Since end-2012, VP Bank’s shares have recorded significant gains of 66.2 per cent without reinvested dividends and 92.7 per cent with reinvested dividends. These strong returns outperformed both the Swiss Banking Index and the broader Swiss Market Index (SMI) by wide margins. The strongest share price gains occurred in 2013 as well as in 2016. In the period under review, the shares hit their low of CHF 65.00 in January 2013 and reached a high of CHF 111.90 at end- December 2016. Average volatility throughout this period was slightly greater than that of the overall market, but well below that of most competitors. 

In 2016, VP Bank shares were also among the clear winners. With a 37.1 per cent gain (including dividend), they outperformed both the broader Swiss equity market as well as the Swiss banking sector by 40 per cent and 52 per cent, respectively. The share price performance in 2016 was particularly noteworthy due to its relatively steady upward trend. The low occurred in January (CHF 78.05) and the high in December (CHF 111.90). The average price for the registered shares A was CHF 93.20. In May 2016, VP Bank paid out a dividend of CHF 4.00 per share, which corresponds to a 4.2 per cent dividend yield.

 

Investor Relations

The goal of VP Bank’s investor relations efforts is to foster an open, ongoing dialogue with shareholders and other capital market participants by providing them with a true and fair view of VP Bank Group, whilst also informing the interested public promptly about the company’s latest developments.

The tasks involved in this investor relations work include conducting discussions with analysts and investors, disclosing ad hoc information regarding business issues of relevance under securities law, producing the company’s annual and interim reports and publishing the related financial results, as well as organising the annual general meeting of shareholders. 

For the 54th Annual General Meeting at 28 April 2017, the entire notice and invitation process was overhauled and optimised with the help of a renowned specialist. Shareholders now receive a convenient online announcement and also have the option of early online voting through electronic voting or voting at the meeting through televoting. As part of VP Bank’s digitalisation strategy, these changes led to enhanced convenience, secure anonymity and quicker voting results. 

As part of its investor relations activities in 2016, VP Bank held numerous analyst meetings and media conferences in order to further strengthen its communications with investors and financial intermediaries. The 3rd VP Bank Investor Day is scheduled for May 2017 in Luxembourg.

VP Bank’s Investor Relations department is responsible for ensuring the Group’s “Corporate Language”, i.e. a common language used both inside and outside the company in order to speak to all target audiences in one voice. Through the corresponding interfaces, VP Bank ensures that consistent company information is disseminated across the various publications platforms.

VP Bank’s regular presentations on current events lay the foundation for communications with institutional and private investors. The www.vpbank.com website and online annual report available at report.vpbank.com provide all the latest information on the company. 

Since 2015, VP Bank’s interim report is also available in an online version. 

The continued improvements to VP Bank Group’s annual report, in line with international trends and regulatory requirements, was also emphasized in 2016. The theme of that year’s report was “60 Years of VP Bank.”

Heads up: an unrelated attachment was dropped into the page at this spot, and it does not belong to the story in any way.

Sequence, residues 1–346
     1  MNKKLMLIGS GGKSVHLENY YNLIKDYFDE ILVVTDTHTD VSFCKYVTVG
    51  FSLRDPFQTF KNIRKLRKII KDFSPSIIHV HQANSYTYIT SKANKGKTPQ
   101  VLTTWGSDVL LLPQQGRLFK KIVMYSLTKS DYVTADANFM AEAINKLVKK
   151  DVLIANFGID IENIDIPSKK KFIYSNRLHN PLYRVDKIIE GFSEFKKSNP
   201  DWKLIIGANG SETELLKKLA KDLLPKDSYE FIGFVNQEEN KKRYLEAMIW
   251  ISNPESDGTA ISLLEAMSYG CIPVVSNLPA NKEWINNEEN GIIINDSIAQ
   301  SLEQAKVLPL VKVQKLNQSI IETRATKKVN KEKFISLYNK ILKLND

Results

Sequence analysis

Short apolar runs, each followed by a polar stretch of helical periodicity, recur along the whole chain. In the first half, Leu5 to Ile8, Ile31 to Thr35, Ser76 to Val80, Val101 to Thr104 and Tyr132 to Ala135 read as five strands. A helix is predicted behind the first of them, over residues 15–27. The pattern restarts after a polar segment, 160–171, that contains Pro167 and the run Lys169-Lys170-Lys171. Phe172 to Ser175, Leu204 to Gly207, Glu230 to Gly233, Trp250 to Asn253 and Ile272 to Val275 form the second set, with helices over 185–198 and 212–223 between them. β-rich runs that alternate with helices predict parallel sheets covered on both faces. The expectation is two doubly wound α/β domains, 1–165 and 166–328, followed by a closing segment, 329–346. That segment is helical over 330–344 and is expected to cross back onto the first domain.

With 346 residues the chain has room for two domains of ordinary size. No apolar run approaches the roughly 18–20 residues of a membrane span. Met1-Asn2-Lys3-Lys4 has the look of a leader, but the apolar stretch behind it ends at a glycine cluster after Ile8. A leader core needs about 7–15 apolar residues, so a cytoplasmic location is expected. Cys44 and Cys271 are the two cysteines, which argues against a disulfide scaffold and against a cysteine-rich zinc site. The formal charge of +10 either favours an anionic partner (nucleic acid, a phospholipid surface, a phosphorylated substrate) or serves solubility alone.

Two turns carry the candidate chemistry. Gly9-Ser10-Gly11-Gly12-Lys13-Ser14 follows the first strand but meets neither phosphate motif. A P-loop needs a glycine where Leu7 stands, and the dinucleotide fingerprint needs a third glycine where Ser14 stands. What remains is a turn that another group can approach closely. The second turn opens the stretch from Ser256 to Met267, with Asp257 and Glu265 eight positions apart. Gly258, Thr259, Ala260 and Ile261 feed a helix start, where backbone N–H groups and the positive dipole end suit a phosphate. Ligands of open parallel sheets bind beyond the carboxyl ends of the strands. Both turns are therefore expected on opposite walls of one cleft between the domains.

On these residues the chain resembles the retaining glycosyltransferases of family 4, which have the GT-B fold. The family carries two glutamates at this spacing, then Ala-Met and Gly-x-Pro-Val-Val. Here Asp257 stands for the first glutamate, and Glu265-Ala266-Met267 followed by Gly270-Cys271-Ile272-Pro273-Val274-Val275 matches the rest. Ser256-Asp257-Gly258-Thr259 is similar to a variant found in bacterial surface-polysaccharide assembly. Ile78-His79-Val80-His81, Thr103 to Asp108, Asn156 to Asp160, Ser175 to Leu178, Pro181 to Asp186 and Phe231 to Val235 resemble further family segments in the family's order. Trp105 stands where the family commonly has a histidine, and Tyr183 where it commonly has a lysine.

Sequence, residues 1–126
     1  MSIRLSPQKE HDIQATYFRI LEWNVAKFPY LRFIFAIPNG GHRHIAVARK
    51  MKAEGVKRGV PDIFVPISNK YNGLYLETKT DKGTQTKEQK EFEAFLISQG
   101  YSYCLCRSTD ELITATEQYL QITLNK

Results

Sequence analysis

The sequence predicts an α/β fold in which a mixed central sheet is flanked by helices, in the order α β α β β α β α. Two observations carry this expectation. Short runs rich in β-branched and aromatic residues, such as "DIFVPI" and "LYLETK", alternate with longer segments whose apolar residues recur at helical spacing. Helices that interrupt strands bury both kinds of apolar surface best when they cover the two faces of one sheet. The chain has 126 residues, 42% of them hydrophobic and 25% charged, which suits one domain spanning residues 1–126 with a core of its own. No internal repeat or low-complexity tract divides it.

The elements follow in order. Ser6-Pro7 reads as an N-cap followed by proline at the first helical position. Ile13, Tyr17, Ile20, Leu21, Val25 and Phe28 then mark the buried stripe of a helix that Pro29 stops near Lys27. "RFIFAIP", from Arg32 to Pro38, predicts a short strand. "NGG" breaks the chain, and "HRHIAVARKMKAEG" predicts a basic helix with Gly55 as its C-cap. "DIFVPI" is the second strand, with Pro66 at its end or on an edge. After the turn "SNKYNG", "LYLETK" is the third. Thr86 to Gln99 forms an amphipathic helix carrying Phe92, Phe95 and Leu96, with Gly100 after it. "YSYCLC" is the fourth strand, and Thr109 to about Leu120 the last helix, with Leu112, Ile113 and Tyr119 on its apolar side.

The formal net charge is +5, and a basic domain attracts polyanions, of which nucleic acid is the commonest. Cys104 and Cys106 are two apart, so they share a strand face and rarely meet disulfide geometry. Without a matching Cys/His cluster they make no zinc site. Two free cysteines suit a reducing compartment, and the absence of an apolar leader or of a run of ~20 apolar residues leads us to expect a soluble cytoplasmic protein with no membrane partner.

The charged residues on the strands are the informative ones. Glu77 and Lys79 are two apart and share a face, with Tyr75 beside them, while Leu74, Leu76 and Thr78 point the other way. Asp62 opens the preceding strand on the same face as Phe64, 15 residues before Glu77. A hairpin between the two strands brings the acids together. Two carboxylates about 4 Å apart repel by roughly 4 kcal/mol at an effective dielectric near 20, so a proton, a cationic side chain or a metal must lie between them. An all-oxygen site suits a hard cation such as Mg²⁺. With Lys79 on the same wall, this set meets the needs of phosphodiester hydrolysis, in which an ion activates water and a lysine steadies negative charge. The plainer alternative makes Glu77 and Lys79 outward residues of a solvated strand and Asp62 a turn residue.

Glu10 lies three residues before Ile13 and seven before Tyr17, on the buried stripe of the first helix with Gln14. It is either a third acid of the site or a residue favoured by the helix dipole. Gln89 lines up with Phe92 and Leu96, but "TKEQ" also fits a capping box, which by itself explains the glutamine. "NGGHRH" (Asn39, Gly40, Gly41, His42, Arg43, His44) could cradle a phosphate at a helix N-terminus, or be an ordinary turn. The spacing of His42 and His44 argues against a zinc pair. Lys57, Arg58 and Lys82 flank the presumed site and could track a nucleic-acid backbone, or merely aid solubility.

The VP Bank Group’s 2015 annual report won a total of five international awards last year, demonstrating the high quality of VP Bank’s information policy as well as its creative design excellence. The bank’s annual report won gold at the ARC Awards for the compelling illustrations surrounding the theme of the company’s 60-year anniversary. The prestigious ARC Awards have been held in the United States for the past 30 years. The annual report also won gold in the US “Stevie Awards” for “Best Annual Report – Print”. Other awards included the “Galaxy Award”, “Vision Award” and “League of American Communications Professionals” (LACP) award.

Meanwhile, VP Bank’s 2015 online annual report received four international awards. For the 2015 Swiss Annual Report Ratings, a jury of communications and finance professionals also placed the VP Bank Group’s annual report in the top 15 in Switzerland and Liechtenstein.

In July 2017, the Standard & Poor’s rating agency confirmed VP Bank’s “A–” rating and raised its outlook from “Negative” to “Stable”. The confirmed rating and improved outlook reflected VP Bank’s operating improvements and prudent risk management as well as the bank’s very strong capital position and its successful integration of Centrum Bank. The favourable Standard & Poor’s assessment cites VP Bank’s ability to generate profitable growth without compromising its capital adequacy. As of 2 March 2017, Standard & Poor’s improved the outlook from “Stable” to “Positive”.

VP Bank therefore holds a rating of “A–/Positive/A–2”. This outstanding rating and the positive outlook confirm the VP Bank Group’s sound and successful business model. VP Bank is one of the few private banks in Liechtenstein and Switzerland to be rated by an international rating agency. The current Standard & Poor’s rating report can be downloaded as a pdf file from the VP Bank website under “Investors & Media”.

Analysts from Mirabaud Securities LLP, Research Partners AG and Zürcher Kantonalbank provide analyses on VP Bank on a regular base. 

 

 

 

 

 

 

 

 

 

 

  1. Including registered shares B
  2. As of 2 March 2017

Further information on the capital structure and anchor shareholders of VP Bank can be found in the “Corporate governance” section.

 

Contact

Tanja Muster · Head of Group Communications & Marketing

T +423 235 66 55 · F +423 235 65 00

www.vpbank.com → Investoren & Medien